Here’s the thing: the result of that fight means nothing and shows nothing other than that one of those guys was better on that night. A century of mixed matches of one kind or another have already clearly shown that, holding other things equal and providing for liberal rules, a ground fighter with takedowns almost always beat a striker without takedown defense and a well-rounded fighter more often than not beats a total specialist. That says nothing about the value of MMA or boxing as a sport; it’s just the result when you mix those two disparate disciplines. If James Toney catches Randy Couture, that doesn’t undo those 100 years of learning, doesn’t prove that Wladimir Klitschko would KO Brock Lesnar or that Floyd Mayweather would shoulder-roll his way past Frankie Edgar; it proves that Toney can punch Randy Couture in the face. The fact that this is even under discussion is a result of the fear people in the MMA world have about the perceived legitimacy of their sport and the magic powers they still seem to ascribe to boxers, ignoring in Toney’s case that A) he’s 42, B) he hasn’t been in shape for years, C) he has looked shot as hell as a fighter for a good long while, D) he’s obviously suffered neurological damage over the years and isn’t what he used to be on any level, E) the vast majority of his boxing skills don’t translate to MMA (be honest, other than Ivan Calderon could there be a safer boxing name for an MMA star to face?), F) Toney hasn’t taken his own training seriously for years and doesn’t have the athletic gifts or training habits required to pick new things up quickly anymore, and G) Randy Couture’s not fucking stupid. Toney could win this fight, sure, if he charges out and just catches Couture in the first 15-30 seconds of the fight; if it goes longer than that it’s going to go the way everyone expects it to, regardless of their half-verbalized fears. Once Couture gets under Toney’s hips, that’s it; he doesn’t have magic boxing super powers off of his back.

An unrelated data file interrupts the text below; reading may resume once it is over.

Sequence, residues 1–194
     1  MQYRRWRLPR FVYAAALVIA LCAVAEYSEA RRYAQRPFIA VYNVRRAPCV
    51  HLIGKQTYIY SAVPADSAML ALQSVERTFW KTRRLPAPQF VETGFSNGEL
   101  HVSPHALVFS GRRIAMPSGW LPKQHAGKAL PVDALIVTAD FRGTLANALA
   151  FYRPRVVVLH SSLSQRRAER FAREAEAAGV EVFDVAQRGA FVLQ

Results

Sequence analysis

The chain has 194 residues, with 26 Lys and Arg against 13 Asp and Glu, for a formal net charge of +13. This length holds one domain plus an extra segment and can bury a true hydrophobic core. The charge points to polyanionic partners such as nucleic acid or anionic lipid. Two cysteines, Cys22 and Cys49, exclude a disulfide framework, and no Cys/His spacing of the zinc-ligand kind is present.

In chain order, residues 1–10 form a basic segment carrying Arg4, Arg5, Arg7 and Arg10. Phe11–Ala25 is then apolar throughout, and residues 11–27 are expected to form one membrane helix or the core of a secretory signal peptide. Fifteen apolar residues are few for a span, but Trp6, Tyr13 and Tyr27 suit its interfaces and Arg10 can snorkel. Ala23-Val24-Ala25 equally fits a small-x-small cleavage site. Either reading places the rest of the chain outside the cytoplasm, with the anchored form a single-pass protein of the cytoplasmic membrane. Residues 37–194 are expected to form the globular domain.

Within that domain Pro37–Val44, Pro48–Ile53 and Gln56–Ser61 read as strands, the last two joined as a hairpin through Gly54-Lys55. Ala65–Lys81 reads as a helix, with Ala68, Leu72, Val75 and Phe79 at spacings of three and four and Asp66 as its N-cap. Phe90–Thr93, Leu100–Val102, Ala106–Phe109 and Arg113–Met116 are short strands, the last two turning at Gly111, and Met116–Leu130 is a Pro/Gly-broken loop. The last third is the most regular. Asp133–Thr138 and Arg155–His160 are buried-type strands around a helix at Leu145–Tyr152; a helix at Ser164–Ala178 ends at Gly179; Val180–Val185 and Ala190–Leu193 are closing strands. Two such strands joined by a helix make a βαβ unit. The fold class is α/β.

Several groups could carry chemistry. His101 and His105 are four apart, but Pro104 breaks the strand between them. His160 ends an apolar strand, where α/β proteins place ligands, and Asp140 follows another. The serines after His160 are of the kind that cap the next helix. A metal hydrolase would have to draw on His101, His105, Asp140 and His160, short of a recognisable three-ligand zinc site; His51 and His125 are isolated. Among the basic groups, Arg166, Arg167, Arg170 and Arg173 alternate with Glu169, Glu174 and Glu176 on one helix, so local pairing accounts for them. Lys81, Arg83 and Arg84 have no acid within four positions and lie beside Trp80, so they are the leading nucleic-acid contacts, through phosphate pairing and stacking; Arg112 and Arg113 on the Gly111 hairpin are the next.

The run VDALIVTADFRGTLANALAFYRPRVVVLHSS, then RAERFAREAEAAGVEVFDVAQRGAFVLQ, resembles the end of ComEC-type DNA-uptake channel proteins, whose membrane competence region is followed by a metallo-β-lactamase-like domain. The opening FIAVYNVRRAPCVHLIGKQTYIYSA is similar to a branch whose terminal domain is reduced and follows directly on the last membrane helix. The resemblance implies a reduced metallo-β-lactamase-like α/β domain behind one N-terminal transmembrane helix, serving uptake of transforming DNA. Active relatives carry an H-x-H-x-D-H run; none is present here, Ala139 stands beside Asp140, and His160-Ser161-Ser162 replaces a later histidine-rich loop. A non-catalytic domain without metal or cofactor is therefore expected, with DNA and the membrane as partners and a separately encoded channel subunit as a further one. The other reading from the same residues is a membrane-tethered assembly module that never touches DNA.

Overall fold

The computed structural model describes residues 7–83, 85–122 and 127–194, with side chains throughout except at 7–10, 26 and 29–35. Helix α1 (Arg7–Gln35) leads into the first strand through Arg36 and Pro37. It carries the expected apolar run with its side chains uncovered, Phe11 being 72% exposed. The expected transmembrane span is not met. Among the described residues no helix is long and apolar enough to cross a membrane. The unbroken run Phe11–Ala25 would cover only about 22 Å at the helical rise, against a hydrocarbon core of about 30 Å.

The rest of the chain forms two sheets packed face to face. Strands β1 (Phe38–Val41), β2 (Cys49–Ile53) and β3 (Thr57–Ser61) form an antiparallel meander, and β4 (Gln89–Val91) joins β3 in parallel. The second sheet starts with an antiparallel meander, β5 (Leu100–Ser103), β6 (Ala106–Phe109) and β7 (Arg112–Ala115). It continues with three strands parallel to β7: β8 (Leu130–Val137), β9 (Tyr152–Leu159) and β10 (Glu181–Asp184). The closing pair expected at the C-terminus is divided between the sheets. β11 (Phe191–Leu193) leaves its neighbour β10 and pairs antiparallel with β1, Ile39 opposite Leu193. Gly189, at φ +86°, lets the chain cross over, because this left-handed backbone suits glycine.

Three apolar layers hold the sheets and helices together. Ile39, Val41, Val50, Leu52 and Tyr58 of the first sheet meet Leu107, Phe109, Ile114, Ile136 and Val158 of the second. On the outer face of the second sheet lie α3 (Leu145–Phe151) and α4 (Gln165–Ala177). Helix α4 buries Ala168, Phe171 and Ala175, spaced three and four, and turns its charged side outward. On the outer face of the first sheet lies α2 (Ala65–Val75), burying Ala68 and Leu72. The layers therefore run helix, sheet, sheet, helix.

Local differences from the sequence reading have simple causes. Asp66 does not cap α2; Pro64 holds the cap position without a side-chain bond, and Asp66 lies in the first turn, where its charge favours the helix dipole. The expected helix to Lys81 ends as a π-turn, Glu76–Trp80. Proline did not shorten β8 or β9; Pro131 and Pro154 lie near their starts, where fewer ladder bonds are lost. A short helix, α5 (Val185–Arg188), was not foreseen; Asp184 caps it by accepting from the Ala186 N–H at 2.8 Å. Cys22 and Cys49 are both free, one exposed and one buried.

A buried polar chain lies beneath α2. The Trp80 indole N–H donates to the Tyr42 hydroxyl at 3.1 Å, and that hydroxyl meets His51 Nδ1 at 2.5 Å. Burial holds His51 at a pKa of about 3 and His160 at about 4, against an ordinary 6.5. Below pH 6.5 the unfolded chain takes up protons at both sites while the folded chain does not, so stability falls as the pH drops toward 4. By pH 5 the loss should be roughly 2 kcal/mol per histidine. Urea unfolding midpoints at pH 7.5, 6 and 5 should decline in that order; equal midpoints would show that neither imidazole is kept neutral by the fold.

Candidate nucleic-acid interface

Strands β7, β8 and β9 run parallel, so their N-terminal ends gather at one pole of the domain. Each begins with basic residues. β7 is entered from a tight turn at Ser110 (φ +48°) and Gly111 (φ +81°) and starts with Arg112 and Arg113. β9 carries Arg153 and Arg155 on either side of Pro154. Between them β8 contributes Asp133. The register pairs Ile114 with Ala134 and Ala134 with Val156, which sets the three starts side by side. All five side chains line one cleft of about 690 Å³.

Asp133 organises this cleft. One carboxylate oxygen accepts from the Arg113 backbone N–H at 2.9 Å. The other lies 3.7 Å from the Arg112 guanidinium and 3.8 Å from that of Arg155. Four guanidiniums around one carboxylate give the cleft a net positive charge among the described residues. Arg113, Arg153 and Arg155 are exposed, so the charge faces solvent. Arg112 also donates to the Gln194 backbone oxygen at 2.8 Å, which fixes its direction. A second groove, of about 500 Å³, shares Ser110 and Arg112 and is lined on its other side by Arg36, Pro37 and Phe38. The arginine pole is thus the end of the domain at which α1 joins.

James Toney doesn’t have a secret weapon; he’s just an old man who got run out of his sport because he couldn’t go anymore and turned up in MMA with a big mouth, good technique on a right hand, and nothing more. He deserves a lot of respect as a promoter for talking his way into this paycheck, but as a fighter his fire burned out long ago. If he wins, it’s a hilarious and awesome upset and nothing more; if he loses, it’s an expected fun freakshow win for the legendary Randy and nothing more. MMA’s legitimacy is not on the line here any more than boxing’s is. All of the sporting questions about MMA vs. boxing were really answered a long time ago for those who look into the history, and business-wise there’s no reason the two sports can’t coexist. Sometimes a freak show is just a freak show.


July 10, 2010 - Posted by | Boxing, MMA